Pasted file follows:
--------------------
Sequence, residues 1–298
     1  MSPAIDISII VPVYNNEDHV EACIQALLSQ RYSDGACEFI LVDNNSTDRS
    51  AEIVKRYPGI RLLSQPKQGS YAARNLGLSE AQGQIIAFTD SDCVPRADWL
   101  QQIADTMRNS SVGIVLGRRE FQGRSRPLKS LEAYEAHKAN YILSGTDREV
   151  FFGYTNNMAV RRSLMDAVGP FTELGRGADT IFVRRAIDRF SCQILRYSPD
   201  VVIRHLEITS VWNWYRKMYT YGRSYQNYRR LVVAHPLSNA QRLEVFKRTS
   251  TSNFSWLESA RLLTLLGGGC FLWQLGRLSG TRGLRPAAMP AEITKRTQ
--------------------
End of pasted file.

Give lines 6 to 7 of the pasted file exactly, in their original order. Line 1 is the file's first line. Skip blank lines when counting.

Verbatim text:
   201  VVIRHLEITS VWNWYRKMYT YGRSYQNYRR LVVAHPLSNA QRLEVFKRTS
   251  TSNFSWLESA RLLTLLGGGC FLWQLGRLSG TRGLRPAAMP AEITKRTQ